How, then, did this cherished Jewish folksong find itself at the center of a heated copyright infringement case brought by the Yiddish operetta composer Jacob Koppel Sandler against the music publisher Joseph P. Katz, argued before the Honorable John C. Knox, in a New York City federal courtroom in 1925? Sandler claimed that “Eili, Eili” was in fact an original composition he had written in 1896 for a production of M. Horowitz’s Yiddish operetta The Hero and Brocha, or the Jewish King of Poland for a Night, directed by the Yiddish theater impresario Boris Thomashefsky at the Windsor Theatre in New York. He had composed the number for the actress Sophie Karp to sing as she hung from a crucifix, enacting a young woman’s medieval martyrdom for refusing to repudiate her Jewish faith. Sandler only attempted to copyright “Eili, Eili” in 1919, however, after learning that it had become an international success, and he was suing Katz for violating his copyright by continuing to publish arrangements of the music.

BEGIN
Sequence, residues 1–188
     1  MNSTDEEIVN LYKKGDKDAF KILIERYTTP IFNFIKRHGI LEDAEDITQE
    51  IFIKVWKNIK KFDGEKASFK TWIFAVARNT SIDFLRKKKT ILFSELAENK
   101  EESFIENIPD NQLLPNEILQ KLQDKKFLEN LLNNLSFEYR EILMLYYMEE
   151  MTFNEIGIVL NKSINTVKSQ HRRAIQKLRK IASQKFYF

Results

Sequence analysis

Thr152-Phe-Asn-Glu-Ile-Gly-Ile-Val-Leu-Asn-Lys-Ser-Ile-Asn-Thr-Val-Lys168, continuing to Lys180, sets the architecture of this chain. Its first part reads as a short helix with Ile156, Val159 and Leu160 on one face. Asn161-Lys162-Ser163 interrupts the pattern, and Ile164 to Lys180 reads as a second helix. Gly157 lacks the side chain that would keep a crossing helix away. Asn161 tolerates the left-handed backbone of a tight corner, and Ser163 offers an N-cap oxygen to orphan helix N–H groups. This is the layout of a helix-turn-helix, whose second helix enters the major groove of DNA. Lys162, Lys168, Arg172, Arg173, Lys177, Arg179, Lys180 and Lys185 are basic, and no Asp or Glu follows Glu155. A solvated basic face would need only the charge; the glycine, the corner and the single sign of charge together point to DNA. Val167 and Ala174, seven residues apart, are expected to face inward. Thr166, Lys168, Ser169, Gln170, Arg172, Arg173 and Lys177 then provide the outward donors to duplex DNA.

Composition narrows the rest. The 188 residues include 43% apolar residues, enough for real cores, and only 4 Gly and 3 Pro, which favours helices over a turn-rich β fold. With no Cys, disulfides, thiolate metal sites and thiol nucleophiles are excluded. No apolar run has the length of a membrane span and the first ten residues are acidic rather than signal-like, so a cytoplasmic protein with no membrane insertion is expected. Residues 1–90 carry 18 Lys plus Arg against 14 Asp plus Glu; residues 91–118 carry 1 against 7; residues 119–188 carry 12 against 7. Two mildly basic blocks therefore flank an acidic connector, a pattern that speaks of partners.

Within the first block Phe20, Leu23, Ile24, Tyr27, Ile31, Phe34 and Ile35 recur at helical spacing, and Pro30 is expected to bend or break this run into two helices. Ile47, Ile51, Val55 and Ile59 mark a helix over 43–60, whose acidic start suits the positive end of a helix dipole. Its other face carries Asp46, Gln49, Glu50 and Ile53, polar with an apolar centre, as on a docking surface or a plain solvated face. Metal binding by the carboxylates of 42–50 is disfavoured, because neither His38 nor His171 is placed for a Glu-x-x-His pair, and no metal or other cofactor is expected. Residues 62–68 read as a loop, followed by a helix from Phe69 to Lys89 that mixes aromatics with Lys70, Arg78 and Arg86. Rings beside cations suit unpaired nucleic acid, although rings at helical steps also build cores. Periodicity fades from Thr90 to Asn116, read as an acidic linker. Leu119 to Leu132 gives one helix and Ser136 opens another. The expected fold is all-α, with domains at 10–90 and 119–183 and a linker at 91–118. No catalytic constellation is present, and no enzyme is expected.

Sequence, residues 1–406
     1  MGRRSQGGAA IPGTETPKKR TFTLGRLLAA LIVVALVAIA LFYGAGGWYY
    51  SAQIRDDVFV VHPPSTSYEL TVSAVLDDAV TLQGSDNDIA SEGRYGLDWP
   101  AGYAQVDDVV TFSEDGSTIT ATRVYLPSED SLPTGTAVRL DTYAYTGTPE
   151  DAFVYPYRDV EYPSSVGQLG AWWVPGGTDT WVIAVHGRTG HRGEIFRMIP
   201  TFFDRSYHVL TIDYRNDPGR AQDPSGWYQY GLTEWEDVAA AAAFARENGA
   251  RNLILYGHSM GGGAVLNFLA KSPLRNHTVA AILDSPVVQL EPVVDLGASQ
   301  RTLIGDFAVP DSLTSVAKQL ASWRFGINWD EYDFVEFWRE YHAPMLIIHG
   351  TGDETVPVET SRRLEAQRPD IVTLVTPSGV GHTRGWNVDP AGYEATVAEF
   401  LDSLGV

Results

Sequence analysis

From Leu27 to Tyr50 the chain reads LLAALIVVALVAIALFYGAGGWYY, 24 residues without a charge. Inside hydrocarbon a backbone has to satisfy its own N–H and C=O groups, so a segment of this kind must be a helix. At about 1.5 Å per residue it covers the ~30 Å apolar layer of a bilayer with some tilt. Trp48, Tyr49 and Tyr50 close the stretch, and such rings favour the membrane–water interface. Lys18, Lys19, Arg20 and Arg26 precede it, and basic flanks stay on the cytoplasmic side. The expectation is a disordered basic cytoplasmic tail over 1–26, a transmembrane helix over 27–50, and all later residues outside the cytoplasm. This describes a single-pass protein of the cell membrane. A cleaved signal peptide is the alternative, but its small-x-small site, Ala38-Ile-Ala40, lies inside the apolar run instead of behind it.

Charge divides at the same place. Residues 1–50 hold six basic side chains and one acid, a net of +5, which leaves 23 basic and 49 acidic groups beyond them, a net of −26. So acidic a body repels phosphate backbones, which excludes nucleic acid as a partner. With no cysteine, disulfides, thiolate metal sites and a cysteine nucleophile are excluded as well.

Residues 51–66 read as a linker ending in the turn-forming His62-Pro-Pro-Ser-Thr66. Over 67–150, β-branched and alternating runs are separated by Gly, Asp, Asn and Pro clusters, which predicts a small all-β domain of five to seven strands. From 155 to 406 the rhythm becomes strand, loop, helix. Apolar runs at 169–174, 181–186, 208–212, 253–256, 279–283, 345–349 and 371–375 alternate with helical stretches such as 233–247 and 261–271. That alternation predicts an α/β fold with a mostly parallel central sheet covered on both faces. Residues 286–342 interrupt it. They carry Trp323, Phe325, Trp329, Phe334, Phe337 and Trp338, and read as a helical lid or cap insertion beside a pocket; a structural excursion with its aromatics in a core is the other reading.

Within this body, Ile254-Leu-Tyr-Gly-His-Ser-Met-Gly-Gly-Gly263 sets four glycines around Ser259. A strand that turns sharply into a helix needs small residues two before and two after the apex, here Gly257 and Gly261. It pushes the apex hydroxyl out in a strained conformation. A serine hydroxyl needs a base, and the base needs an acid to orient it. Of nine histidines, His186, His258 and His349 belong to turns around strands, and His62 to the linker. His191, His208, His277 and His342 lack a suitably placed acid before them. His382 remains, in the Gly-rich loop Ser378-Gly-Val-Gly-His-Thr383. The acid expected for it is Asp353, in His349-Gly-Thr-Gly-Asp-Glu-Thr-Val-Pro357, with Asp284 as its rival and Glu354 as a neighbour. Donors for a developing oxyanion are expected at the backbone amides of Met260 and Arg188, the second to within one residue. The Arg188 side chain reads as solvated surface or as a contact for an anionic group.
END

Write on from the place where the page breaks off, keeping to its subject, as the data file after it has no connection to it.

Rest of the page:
Katz testified that he had no knowledge that the melody was by Sandler; to the contrary, his father, an immigrant from eastern Europe, had hummed it to him decades earlier, and he had assumed it was a folksong. At trial, the prominent musician and author Lazare Saminsky recounted that he first heard the song in St. Petersburg and had “concluded that the composition was a folksong,” following which it was published in “a Russian encyclopedia.” At the same time, however, it was established by Yiddish theater participants testifying for the plaintiff that a number of musicians who had played in the orchestra for The Hero and Brocha had returned to Russia in the intervening years. Perhaps it was through them that the melody became known there.
On the last day of the trial, the defense attorney for the publisher charged with copyright infringement, himself a former concert violinist, brought his instrument into the courtroom and performed an arrangement of the disputed melody. As the Times recounted: